Posted: 11 Feb 2014 07:46 PM PST
SEOUL (AFP) - North and South Korean officials sat down for their highest level talks for years Wednesday, marking a potential upswing in cooperation ahead of a reunion for families divided by the Korean War.
The discussions in the border truce village of Panmunjom had no fixed agenda, but were to cover a range of "major" issues, including the planned February 20-25 reunion event, the South's Unification Ministry said.
The South's delegation was led by top National Security Council official Kim Kyou-Hyun, who said Seoul's focus was on ensuring the meeting of separated families goes ahead as scheduled.
The North side is likely to make another push for South Korea to cancel annual military exercises with the United States, which are scheduled to begin February 24.
Kim said he was entering the talks, which kicked off at 10:00am (0100 GMT), with "an open attitude to explore the chance of opening a new chapter on the Korean peninsula".
He did not mention whether North Korea's nuclear programme would be discussed.
It was the first such high-level sit-down between the two sides since 2007, and came a day before US Secretary of State John Kerry's arrival in Seoul for a brief visit focused on North Korea.
The North wants to resume talks with Seoul and Washington on nuclear matters, but both have insisted that Pyongyang must first make a tangible commitment to abandoning nuclear weapons.
According to Seoul, the Panmunjom meet was requested by Pyongyang, whose delegation was headed by Wong Ton-Yong - deputy head of a ruling party organisation that handles inter-Korean ties.
North Korea state media made no mention of the talks, which were held on the South side of the border village where the armistice ending the 1950-53 Korean conflict 60 years ago was signed.
Kim Yong-Hyun, a North Korean expert at Dongguk University in Seoul, said Pyongyang was keen to make a public display of its diplomatic credentials.
"It wants to demonstrate a willingness to improve ties with the South in order to obtain concessions from Seoul and others," said Kim, who warned it was premature to expect any major breakthrough.
The North is also likely to push for a resumption of regular South Korea tours to its Mount Kumgang resort.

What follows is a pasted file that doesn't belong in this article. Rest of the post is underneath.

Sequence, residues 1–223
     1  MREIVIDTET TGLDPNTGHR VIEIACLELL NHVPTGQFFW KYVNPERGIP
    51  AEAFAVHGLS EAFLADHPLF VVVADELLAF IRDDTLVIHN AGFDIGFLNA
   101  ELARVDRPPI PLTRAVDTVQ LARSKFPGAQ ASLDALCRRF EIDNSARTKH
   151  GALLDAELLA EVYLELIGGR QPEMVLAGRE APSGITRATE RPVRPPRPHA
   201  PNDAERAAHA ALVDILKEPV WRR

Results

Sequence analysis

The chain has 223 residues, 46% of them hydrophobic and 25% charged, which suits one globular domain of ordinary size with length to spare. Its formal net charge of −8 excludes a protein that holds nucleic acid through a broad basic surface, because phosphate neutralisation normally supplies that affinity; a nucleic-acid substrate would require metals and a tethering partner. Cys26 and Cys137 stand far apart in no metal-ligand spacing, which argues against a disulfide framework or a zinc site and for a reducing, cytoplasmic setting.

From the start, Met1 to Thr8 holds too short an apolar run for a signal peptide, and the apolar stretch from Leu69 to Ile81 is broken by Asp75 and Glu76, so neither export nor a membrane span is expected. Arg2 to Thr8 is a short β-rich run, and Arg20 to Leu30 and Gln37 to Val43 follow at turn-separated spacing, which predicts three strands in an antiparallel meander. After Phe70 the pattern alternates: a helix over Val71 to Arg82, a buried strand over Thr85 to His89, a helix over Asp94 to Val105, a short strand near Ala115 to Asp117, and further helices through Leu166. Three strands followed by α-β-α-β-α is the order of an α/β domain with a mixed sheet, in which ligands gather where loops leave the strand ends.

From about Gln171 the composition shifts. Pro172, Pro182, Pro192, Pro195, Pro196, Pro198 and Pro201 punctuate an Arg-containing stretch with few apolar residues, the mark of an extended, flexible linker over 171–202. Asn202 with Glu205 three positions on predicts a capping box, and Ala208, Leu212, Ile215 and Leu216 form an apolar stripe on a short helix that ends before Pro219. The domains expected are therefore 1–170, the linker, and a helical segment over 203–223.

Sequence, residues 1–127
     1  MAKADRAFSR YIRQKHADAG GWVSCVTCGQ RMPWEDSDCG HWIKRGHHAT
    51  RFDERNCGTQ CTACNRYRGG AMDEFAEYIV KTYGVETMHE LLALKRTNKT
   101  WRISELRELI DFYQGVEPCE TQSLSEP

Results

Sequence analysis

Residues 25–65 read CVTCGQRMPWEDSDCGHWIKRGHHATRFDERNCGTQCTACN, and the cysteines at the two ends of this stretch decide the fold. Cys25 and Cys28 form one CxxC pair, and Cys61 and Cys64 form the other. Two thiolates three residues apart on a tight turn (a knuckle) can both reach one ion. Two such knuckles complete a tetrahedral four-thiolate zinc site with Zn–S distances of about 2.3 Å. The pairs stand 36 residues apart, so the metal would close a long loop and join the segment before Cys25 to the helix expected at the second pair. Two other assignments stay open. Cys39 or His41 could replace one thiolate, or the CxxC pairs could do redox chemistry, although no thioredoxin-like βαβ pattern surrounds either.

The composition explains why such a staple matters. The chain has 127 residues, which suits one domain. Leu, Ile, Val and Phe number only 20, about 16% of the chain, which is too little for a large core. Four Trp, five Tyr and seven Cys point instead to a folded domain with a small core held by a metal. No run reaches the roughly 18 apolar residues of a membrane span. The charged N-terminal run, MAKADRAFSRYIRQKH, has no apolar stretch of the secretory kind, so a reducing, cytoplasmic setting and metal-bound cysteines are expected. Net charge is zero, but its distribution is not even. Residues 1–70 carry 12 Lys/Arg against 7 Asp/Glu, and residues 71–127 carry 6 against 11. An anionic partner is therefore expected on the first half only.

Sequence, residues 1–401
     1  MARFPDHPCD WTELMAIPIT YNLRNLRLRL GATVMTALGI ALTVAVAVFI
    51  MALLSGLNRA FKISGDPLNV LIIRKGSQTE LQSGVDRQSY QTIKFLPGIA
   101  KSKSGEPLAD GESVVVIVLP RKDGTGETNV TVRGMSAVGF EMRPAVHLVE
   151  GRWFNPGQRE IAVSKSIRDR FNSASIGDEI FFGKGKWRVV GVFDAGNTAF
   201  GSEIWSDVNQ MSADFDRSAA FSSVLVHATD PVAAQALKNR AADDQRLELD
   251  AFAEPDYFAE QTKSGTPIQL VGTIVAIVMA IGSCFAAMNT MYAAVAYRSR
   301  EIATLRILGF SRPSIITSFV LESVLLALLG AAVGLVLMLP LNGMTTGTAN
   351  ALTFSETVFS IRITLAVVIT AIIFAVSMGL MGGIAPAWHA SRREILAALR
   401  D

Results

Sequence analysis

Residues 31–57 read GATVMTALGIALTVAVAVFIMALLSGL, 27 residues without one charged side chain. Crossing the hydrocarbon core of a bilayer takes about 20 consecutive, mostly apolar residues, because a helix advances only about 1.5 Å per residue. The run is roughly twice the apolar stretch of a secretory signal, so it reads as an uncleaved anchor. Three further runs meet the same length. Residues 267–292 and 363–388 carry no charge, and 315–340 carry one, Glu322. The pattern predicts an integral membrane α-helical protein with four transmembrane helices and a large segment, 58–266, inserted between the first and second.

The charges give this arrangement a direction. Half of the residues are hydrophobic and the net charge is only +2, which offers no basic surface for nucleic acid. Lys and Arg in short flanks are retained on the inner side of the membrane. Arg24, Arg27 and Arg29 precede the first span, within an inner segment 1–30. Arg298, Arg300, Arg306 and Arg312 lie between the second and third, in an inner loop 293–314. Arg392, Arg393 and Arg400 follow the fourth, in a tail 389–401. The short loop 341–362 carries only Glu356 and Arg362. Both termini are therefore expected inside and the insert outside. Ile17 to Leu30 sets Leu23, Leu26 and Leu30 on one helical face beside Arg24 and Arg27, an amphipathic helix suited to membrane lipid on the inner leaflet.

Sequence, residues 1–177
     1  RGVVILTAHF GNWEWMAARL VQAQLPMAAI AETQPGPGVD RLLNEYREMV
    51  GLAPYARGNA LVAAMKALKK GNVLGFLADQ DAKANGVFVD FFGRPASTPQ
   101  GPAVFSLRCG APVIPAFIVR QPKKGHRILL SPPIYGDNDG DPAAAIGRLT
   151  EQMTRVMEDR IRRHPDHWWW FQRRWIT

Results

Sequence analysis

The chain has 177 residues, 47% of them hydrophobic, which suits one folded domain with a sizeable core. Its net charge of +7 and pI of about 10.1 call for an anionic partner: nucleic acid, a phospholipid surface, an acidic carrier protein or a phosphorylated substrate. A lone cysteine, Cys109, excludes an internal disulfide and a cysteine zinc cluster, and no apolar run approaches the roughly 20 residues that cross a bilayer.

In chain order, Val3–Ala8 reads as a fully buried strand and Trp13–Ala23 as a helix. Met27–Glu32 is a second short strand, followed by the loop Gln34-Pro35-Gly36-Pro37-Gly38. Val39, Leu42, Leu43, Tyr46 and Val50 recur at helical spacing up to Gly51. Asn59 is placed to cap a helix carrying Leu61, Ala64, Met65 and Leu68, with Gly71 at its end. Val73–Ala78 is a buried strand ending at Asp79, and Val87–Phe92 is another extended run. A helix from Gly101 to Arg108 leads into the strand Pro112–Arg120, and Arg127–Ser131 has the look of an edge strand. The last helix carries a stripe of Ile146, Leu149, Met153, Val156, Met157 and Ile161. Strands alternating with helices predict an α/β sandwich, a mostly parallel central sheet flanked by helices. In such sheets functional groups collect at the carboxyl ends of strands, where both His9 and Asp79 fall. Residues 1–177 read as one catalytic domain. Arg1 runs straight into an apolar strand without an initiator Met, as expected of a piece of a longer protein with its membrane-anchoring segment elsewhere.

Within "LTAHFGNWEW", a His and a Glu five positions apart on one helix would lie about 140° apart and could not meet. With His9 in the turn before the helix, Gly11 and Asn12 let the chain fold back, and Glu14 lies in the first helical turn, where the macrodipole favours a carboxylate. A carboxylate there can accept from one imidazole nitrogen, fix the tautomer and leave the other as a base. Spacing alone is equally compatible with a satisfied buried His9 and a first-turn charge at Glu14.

The South suspended the tours after a tourist was shot and killed by North Korean soldiers in 2008, and Pyongyang is keen to see the return of what was a lucrative source of hard currency.
The success of the upcoming family reunion event would be key to Seoul considering starting up the tours again.
"If the first step goes well, it can move to the next level, expanding the scope of inter-Korean cooperation at a faster speed," the South's Unification Minister Ryoo Kihl-Jae said on Tuesday.
There are fears the North might cancel the reunion event in protest at South Korea and the United States pushing ahead with their joint military exercises.
Pyongyang views the drills as rehearsals for invasion and has repeatedly demanded Seoul call them off, warning at one point of an "unimaginable holocaust" if they went ahead.
Last year's exercises fuelled an unusually sharp and protracted surge in military tensions, with Pyongyang threatening a pre-emptive nuclear strike, and nuclear-capable US stealth bombers making dummy runs over the Korean peninsula.
Seoul and Washington have made it clear there is no question of this year's drills being cancelled, but US officials have indicated they will be toned down, with no aircraft carrier and no strategic bombers.
Because the Korean War ended with a ceasefire rather than a peace treaty, North and South Korea technically remain at war.
President Park Geun-Hye, who came to office a year ago, had promised greater engagement with Pyongyang and held out the possibility of a summit with North Korean leader Kim Jong-Un.
Substantive dialogue between the two sides mostly dried up under Park's presidential predecessor, Lee Myung-Bak, who took a tough line with Pyongyang.